Please, not another fetch quest
So there has been a lot of discussion about Dying Light 2 supposedly having up to 500 hours of content, if not more, and it wasn’t exactly news I was jumping up and down for. Not necessarily because of the game itself, but how it fits in with trends in the industry as a whole, away from short, linear games. Over the past few years, it feels like completion times in the hundreds of hours have become something of a badge of honor, and the talk around it seems to lean towards the idea that the longer a game, the better.
Listen, I’m all for getting what I pay for. When I see that I’ve played a game for hundreds of hours, there’s a sense of pride in that, because it was money well spent. But at this point, it feels like players keep pushing for longer and longer games, and that’s not always a good thing.
On the one hand, a super long game with an ambitious reach usually (not always, but usually), means more work and crunch for game teams that are already exhausted. The first example here is Cyberpunk 2077. CD Projekt Red promised the game would be one of the most detailed open-world RPG experiences ever while still in its early stages, and the game later suffered several delays as the team was trying to keep up. Ultimately, cyberpunk was a huge disappointment upon release (although recent updates have helped), and all of this could have been avoided if CD Projekt Red had maintained realistic expectations.
There’s also the fact that shorter games can also mean less development time. In theory, if the bigger studios were dedicated to creating shorter, more polished experiences, you could at least cut a good year or two out of the development cycle. I’ve always wondered what it would be like if a studio that had the talent and money of a CD Projekt Red went all out on an indie-style project that was three to four hours in length. But, because those aren’t as lucrative, I guess we’ll never know.
Then you just have the content of the games themselves. When you expand a game to be so big and non-linear, it’s nearly impossible to keep the content interesting. The world, quests, and characters can all start to feel repetitive and hollow. By creating a game that spans hundreds of hours, the developers simply don’t have the time to devote time and attention to many of the game’s details – they’re just trying to fill in the biggest possible map of a way that doesn’t make him feel entirely empty. But there’s so many games I’ve played that To do feeling empty, despite everything the game puts in my way, and I’m not alone in this feeling.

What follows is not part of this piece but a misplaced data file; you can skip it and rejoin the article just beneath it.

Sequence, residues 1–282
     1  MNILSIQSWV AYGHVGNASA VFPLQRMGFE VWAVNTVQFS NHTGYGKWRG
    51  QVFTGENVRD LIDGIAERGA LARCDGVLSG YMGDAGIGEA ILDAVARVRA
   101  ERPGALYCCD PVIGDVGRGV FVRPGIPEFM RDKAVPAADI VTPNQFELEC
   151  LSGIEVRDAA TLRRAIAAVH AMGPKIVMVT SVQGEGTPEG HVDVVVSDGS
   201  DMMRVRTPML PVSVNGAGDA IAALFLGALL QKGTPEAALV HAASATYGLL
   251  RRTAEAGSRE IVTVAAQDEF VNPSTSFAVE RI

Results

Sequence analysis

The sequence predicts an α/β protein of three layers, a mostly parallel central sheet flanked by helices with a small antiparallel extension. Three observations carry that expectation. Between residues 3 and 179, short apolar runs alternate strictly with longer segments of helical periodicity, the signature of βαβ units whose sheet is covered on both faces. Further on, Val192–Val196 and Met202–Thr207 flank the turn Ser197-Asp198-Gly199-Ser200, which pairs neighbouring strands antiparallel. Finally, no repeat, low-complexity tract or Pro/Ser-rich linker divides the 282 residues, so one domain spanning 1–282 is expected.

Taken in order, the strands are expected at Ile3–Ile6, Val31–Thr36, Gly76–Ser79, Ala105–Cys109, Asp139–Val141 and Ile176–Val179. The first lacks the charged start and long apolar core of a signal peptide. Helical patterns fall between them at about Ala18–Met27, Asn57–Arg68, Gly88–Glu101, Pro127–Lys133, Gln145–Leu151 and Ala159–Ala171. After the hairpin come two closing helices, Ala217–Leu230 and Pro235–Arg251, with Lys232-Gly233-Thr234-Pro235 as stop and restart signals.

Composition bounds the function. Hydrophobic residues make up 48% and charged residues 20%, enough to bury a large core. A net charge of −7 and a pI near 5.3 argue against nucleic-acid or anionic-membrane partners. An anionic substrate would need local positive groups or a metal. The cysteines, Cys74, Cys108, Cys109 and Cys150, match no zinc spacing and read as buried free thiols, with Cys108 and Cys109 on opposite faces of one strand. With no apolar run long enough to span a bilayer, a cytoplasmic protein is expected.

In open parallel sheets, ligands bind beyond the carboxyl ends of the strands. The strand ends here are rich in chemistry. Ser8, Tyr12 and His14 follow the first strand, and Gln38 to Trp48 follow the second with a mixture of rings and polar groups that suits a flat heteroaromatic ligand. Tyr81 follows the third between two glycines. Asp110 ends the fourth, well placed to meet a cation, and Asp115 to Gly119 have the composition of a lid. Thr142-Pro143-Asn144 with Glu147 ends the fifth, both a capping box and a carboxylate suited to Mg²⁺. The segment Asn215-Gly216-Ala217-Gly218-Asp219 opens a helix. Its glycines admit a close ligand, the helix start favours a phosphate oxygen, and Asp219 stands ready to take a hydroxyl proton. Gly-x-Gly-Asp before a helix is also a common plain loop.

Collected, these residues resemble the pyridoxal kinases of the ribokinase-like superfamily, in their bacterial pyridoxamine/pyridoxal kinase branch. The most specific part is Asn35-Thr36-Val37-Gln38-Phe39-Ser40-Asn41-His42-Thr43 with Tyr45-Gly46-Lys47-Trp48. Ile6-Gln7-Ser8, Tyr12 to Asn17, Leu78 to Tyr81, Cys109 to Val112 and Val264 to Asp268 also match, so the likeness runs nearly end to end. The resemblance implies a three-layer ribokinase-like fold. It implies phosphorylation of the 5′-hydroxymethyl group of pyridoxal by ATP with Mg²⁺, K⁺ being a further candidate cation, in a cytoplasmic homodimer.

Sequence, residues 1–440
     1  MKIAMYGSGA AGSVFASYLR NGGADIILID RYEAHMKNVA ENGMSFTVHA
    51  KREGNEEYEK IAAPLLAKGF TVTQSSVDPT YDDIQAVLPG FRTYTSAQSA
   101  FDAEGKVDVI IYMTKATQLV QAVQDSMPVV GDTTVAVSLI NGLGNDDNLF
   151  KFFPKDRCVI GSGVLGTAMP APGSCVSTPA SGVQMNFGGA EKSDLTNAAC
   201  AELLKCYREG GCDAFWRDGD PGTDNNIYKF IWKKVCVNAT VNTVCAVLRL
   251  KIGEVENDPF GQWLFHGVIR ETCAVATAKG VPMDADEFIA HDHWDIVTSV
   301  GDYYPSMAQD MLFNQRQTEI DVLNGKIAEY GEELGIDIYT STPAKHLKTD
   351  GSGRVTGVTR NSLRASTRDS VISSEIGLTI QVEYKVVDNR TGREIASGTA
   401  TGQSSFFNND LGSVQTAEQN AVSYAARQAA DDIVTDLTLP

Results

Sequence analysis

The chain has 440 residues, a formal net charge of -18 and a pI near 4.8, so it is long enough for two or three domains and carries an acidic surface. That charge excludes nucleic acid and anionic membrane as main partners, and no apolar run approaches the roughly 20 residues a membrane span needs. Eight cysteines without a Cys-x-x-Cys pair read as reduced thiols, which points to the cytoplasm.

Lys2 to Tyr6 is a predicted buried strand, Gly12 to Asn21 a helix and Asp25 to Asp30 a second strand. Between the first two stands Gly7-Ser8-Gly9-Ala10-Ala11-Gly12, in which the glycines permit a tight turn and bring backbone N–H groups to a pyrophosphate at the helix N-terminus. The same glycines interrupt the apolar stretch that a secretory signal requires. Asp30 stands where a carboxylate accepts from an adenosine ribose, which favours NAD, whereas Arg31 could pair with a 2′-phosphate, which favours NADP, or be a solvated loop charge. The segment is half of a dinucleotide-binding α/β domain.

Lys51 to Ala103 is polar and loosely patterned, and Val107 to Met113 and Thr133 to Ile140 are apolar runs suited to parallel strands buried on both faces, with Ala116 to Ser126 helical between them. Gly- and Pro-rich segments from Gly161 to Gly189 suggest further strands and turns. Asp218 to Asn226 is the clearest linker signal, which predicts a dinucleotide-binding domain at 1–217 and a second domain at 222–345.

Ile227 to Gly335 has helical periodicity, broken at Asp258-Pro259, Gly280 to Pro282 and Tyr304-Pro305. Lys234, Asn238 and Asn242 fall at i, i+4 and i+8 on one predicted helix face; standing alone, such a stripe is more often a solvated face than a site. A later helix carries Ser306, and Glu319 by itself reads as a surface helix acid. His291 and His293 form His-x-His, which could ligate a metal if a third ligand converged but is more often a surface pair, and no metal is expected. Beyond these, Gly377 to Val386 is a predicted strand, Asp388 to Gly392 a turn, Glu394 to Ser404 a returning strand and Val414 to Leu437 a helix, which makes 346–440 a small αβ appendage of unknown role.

On the other hand, I played through Bioshock Infinite again recently. This is obviously very different from a large hundred-hour company, with an average duration of about twelve hours. But when I started playing it again, I realized how much I had missed those little linear games. For example, I really can’t get past the environments in Bioshock Infinite. Every room you walk into has that perfectly composed frame that looks like it’s straight out of a concept art painting. This is because the developers know that the player will enter a room from exactly one position, and they are able to compose the environment around that, and to great effect.
The pacing is great too, as they’ve obviously planned out exactly how much and for how long you’ll interact with the combat, story sections, and exploration. Sometimes I don’t want to have to go out of my way to find a fight or a quiet space to enjoy the scenery, and Linear Games just have them lined up, ready to go when you need them. Like a perfectly balanced storyline, the game knows exactly what you want, when you want it, and gives it to you.
I may not be fair in comparing games that are supposed to offer such different experiences, but I really can’t find any big-budget AAA studios that haven’t succumbed to this formula. I mean look what happened to The last of us series. The first was also around twelve hours long and, in my opinion, was pretty perfectly paced from a gameplay and storytelling perspective.
Then you have the sequel, which is more than twice as long, with huge open areas that stop the pacing. I’m not saying Naughty Dog isn’t capable of making a good open world game, I just don’t understand why they deviated from what they’ve done so well when it comes to scope, especially at the within a beloved franchise that used its small-scale linearity to great effect.
Long story short, I really miss small linear story-driven games.
I can definitely go back and play through all my old favorites like BioShock, The last of us, and Portal 2, but it’s hard to find games like this that are newer than circa 2015. Sometimes I don’t want to have a choice – sometimes I just want to be taken on a ride, a thrilling, explosive ride that only the resources a AAA studio can provide, but they seem to be getting fewer and fewer these days.
Story Beat is a weekly column covering everything and nothing related to storytelling in video games.